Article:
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Calacatta Marble Bathroom While Calacatta marble is expensive and some homeowners might hesitate to use it in the bathroom, when done well this natural stone can be a major highlight, taking a boring bathroom to the next level. Calacatta marble will lighten up any bathroom with a great backsplash and make all who use it feel like royalty, as long as they do the proper maintenance to safeguard against its porous nature by cleaning regularly and sealing frequently. This type of marble seems to suck up most anything that falls on its surface, so you’re going to want to protect your investment by implementing a strict, no excuses cleaning schedule. Never use any acidic or other harsh cleaning agents on your Calacatta marble, as only products designed specifically for stone care should ever touch it.

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Carrara Marble Kitchen Carrara marble adds a flair of style to any room, and this is especially true in the kitchen where it’s one of the most popular choices for kitchen countertops and islands. It’s light yet elegant color helps the kitchen area look more spacious, putting all who eat and cook there at ease. Take care of your marble by giving it the occasional polish as well as a strong seal, and it should remain pristine for years to come.

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This Carrara marble countertop has thick yet soft gray veins running through it, and it really showcases the quality of the stone. Usually, Carrara marble works better in the kitchen than Calacatta because it tends to be darker and more heavily veined, hiding all those coffee, wine, and food stains that are bound to occur. Frequent use of this water-based stone sealer maintains maximum surface protection against staining, etching, and soil buildup, which can be helpful if you aren’t the world’s neatest person, as it will be a touch more forgiving than bright white Calacatta.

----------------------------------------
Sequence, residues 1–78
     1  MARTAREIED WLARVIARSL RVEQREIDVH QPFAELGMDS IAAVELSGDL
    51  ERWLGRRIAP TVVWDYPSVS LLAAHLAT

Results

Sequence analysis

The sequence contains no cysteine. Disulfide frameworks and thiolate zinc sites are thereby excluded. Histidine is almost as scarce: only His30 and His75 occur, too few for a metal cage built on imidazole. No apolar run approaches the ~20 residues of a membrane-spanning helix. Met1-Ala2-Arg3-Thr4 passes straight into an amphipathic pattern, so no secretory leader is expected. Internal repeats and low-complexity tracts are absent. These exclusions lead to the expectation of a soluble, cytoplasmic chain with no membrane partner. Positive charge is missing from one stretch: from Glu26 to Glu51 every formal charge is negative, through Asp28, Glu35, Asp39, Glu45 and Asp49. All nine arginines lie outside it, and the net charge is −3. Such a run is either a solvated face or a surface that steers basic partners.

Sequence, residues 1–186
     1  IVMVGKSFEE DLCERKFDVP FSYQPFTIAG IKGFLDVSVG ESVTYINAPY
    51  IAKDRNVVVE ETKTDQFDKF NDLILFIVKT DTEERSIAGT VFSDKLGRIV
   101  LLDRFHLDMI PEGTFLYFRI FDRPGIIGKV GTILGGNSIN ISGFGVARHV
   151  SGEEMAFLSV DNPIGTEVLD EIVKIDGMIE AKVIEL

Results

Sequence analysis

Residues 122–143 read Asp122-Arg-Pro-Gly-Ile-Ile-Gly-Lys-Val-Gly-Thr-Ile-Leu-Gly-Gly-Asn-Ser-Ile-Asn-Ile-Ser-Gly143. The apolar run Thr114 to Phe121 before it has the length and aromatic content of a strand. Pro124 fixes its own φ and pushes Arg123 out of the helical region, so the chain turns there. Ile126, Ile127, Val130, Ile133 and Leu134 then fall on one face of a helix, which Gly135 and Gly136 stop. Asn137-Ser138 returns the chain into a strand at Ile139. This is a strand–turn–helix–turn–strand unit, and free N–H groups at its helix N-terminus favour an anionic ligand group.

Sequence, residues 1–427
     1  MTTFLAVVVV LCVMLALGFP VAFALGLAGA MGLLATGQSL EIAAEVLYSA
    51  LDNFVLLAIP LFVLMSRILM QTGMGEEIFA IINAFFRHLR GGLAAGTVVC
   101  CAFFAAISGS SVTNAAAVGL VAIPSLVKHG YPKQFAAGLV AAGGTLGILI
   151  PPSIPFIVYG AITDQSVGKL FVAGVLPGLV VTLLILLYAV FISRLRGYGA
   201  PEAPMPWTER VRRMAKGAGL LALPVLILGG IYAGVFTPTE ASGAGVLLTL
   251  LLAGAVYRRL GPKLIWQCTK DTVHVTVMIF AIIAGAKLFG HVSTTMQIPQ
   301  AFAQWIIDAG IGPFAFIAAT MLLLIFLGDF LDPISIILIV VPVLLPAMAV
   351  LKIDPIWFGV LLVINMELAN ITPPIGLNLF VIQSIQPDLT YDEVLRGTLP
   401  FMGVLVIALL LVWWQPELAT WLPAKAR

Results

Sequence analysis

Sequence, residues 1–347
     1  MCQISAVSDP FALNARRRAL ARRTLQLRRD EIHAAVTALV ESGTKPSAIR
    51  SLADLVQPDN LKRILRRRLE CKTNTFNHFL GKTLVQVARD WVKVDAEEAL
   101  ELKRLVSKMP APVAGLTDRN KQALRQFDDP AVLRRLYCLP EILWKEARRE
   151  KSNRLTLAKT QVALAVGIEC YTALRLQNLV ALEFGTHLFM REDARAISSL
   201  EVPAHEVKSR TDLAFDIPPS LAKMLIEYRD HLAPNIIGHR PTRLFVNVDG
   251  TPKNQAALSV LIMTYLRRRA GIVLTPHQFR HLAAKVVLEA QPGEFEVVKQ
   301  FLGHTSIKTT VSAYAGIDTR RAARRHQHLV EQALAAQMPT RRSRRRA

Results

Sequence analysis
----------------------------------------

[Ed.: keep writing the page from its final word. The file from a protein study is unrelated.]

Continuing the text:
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Calacatta Marble Kitchen Obviously, Calacatta marble looks great on any surface or room, but when used in the kitchen it comes with greater maintenance responsibilities. While there really isn’t much of a difference between Carrara and Calacatta marble when it comes to being stain-proof, there is a difference between how visible these stains will be – remember, Calacatta tends to be whiter. They are both pretty porous, and nobody would classify either of them as low-maintenance.

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However, if you’re insistent on using Calacatta marble in the kitchen, there are ways it can work. Just be vigilant about stains and always seal and reseal! your marble to prevent etching and premature aging. Things are often dropped in the kitchen, so there’s certainly a possibility that a heavy pan or kitchen tool could chip your precious marble.

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Calacatta vs. Carrara Marble Essentially, these two natural stones are incredibly similar, and the choice you make is going to rely largely on your budget. While Calacatta is seen as a little more high-end, that’s not a knock against the elegance of Carrara marble – it just happens to be more widely available. Both have similar maintenance requirements, are virtually the same density, and come from Italy. The key difference is going to lie in the color of the two marble, as Carrara skews gray and Calacatta skews white. Its whiteness reflects the purity of the marble, leading to a higher cost for the average consumer. Keep this in mind and you’ll finally know how to tell the difference between Carrara and Calacatta marble.